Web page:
5 Must See Acts of Verona
Posted on February 26, 2013 by sguese
In the fair city of Verona we set out stage, a city founded by the Romans in the 1st century A.D. The northern Italian city is not only the supposed setting for the one of the most romantic stories of all time, Romeo and Juliet, but it is also known as “little Rome”. Miniaturized theaters and coliseums make it easy to se
e why Verona would get this title. However it was Verona’s golden era during the 13 and 14th centuries that the town really came into light. Know for the savage feuding of the Della Scala family, Shakespeare apparently found inspiration is such fighting to pen a play high school kids around the world now must mandatorily read.
A visit to the City of Love begins in Piazza delle Erbe. Originally the Roman Forum, the market stalls of old are no longer present as they once were. The rectangular piazza sits in the heart of historic Verona, surrounded by medieval buildings and towers. At its center is a 14th century fountain. Verona’s first act starts here.
The second act comes through the many different Roman artifacts still left about town. The Roman Theater and Archeological Museum stands tall and proud on a hill. Constructed in the first century, summer performances are still held here. You can also visit the nearby Archeological Museum, home to Roman mosaics and Etruscan and Roman bronzes.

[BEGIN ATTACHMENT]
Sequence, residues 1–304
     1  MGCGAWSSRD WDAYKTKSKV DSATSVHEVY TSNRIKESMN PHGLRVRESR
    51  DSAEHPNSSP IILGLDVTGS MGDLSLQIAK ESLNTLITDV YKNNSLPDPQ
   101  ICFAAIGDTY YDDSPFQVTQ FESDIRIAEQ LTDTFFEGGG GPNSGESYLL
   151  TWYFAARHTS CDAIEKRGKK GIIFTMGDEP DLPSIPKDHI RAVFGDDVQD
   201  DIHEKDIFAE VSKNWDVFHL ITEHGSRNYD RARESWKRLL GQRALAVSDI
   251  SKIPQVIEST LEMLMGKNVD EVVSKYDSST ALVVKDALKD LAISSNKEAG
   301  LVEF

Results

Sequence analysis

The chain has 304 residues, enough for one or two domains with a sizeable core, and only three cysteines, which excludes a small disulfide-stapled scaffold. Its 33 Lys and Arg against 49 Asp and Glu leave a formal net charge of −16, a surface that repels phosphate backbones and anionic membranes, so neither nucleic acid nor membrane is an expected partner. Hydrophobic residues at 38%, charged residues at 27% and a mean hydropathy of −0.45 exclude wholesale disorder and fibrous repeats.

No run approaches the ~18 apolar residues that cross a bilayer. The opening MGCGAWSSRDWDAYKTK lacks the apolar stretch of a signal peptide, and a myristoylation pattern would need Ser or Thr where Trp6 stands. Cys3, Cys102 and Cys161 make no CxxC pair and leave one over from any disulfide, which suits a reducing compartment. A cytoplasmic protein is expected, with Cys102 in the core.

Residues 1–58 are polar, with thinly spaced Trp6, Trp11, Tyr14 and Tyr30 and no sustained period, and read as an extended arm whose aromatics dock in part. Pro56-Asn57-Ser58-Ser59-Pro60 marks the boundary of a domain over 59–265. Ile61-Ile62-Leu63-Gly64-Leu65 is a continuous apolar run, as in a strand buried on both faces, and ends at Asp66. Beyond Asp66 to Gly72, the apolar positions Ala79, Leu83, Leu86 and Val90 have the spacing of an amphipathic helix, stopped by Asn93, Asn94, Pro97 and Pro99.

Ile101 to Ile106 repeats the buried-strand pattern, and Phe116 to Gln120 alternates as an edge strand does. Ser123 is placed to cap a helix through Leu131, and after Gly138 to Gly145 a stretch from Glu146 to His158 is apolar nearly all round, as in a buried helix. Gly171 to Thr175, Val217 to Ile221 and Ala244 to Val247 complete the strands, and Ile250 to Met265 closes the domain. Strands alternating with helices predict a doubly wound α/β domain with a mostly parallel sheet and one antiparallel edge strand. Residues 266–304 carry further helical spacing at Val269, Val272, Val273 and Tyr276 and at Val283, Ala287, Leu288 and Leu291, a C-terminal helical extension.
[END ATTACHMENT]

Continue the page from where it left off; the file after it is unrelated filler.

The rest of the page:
The Roman tour continues to the Roman Arena, the third largest in all of Italy. Built in the first century B.C., in its day, it could hold 25,000 spectators. The people of Verona would come to watch bloody gladiator battles. However since 1913, the only ones battling here have been opera singers. The space became a venue for the town’s annual opera festival.
Heading into Verona’s third act, you can go to the setting of one of Shakespeare’s most famous plays. While it is debated whether Juliet’s House, Balcony and Statue have anything to do with Shakespeare’s story, the spot remains the city’s most popular attraction. It is free to view the courtyard where you can see Romeo and Juliet’s supposed balcony along with a bronze statue of Juliet. Many rub her breast for good luck. The home attached to it all hails from the 13th century.
To see one of Verona’s former reigning castles, you must delve into the city’s fourth act, Castelvecchio. The 14th century medieval complex was built to be a residence and a fortress. You will notice it instantly with its many towers. Castelvecchio holds a museum today, showing off 16 rooms of the former palace.
Verona’s fifth and final must see act is the Lamberti Tower. A good place to get an overview of all that you have covered, you can climb the stairs to the top. Once you do, you are awarded with views of the City of Love and well beyond. The medieval bell tower from the 12th century is the perfect location to close the curtain on Verona, at least just for today.
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